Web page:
Jean Gabin stars as an army deserter looking for another chance to make good in life in Marcel Carné’s stark portrayal of an underworld of lonely souls wrestling with their own destinies. Port of Shadows is a quintessential example of poetic realism from the golden age of French cinema.
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An excellent proto-noir enveloped by fog, melancholy, and broken hearts. Poor decisions made out of desperation or longing, all the while dreams are lingering somewhere outside of the oppressive fog, never quite to be reached by anyone. It's not about the plot, people. Oh, and the dog. Excellent acting. Poor baby.
Wonderfully transparent, despite the nocturnal proceedings among the host of doomed characters in the small Le Havre pier. Expertly acted by the entire ensemble it features a genuine dose of existential angst in the character of the lonely painter who in anti-Hegelian mode claims that "I would see a crime in a rose"! These are some of the film's many merits, which include an astonishing Morgan as Nelly. Excellent!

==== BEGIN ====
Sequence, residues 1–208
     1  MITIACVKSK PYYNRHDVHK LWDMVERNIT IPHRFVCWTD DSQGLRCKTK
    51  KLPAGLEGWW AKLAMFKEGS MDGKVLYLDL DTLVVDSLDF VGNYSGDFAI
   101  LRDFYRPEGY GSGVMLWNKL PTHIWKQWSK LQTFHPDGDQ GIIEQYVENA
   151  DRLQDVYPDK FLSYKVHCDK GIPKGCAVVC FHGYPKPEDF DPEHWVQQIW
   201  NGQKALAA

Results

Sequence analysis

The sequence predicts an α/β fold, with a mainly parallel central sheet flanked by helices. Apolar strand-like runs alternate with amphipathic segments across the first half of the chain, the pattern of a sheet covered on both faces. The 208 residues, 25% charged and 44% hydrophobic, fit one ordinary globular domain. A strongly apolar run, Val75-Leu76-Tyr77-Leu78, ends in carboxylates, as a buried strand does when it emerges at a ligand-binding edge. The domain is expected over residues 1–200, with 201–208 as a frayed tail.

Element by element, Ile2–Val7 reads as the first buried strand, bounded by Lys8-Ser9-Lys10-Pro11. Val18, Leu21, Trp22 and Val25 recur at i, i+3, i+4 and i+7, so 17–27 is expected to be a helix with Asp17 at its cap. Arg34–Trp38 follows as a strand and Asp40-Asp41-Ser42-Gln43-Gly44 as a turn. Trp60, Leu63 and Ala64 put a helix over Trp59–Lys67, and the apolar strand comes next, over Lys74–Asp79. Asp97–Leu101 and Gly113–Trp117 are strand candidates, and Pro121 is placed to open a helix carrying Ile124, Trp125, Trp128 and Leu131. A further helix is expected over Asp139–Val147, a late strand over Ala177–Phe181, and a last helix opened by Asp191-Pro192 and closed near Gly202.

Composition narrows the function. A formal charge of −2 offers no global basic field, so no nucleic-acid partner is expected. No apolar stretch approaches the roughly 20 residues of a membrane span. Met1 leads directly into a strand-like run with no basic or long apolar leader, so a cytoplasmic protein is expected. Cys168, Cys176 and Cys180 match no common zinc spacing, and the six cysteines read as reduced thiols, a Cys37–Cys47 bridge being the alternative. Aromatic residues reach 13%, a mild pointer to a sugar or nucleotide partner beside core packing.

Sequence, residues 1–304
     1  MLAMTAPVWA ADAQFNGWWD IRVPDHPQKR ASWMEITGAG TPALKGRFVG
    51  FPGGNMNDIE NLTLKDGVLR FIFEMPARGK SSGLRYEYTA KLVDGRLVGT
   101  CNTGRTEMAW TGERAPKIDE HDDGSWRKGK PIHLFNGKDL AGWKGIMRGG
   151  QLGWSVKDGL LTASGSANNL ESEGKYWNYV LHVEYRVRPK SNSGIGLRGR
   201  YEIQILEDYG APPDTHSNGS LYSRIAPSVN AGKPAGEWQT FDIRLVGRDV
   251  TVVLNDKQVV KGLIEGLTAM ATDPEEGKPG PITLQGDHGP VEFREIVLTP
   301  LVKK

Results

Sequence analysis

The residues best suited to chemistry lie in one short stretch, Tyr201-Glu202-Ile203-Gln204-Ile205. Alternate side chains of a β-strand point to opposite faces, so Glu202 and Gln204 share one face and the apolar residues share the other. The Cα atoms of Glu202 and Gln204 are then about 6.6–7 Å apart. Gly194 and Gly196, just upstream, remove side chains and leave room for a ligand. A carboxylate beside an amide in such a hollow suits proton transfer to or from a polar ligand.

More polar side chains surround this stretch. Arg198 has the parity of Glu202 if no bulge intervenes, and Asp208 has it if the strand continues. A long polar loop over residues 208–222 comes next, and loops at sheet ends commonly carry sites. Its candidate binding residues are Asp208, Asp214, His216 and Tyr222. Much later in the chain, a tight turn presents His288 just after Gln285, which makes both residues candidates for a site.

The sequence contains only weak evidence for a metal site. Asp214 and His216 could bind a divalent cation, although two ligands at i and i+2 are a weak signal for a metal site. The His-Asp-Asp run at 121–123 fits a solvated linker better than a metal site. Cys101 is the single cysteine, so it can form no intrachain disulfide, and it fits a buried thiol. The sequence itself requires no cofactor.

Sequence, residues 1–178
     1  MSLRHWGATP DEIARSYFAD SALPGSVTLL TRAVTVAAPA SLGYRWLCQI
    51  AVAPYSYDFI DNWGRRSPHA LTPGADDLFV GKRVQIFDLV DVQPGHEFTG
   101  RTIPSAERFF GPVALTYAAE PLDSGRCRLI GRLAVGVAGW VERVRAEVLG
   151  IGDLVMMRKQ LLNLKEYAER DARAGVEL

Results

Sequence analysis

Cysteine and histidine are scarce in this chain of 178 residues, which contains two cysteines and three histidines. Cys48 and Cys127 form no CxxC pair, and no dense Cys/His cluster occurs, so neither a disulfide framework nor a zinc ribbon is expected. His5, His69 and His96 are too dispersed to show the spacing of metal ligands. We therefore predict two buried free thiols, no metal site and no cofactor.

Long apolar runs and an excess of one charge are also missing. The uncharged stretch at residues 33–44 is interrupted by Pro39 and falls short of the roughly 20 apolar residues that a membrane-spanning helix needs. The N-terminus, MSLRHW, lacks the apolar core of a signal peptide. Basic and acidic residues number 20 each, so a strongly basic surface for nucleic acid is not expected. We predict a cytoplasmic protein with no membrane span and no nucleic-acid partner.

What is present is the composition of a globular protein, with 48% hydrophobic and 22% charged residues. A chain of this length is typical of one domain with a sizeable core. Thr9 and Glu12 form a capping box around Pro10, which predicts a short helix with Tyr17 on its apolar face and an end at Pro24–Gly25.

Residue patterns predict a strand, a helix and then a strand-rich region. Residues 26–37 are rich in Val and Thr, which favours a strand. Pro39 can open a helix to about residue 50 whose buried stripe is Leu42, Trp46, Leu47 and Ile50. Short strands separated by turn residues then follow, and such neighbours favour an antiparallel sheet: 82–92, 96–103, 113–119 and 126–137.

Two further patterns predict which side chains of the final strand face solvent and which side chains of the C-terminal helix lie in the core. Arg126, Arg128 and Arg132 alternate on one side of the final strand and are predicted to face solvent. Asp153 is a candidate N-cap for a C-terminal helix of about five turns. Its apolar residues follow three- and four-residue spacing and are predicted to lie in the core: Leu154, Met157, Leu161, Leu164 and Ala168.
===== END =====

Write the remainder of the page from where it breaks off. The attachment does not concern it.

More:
Beautifully shot and acted melancholic journey, filled with broken dreams and that fog... Charmingly old-fashioned for the most part, a bit out-dated in some regards, but still this is an exceptional film, and a masterful blend of romantic poetry and cinema. I understand why it had a difficult start, as it's quite heavy and depressing - it wasn't exactly what people on the brink of WW2 were eager to watch (I guess).
Atmospheric noirish movie of people pragmatically making their way in a difficult, dangerous world; connecting with other sympathetic humans as they can. much franker and darker than a modern audience might expect from a movie of this vintage.
with flowing repetitious soundtrack, fluid dreamlike atmosphere of doom and brumes dans la tête it's the perfect double bill with tarr's man from london / two last frames are amazing (leaving ship and stray dog) / prévert + schüfftan / the idea of finding a master has a pleasant connection to PTA's post-war "foggy" sensibilities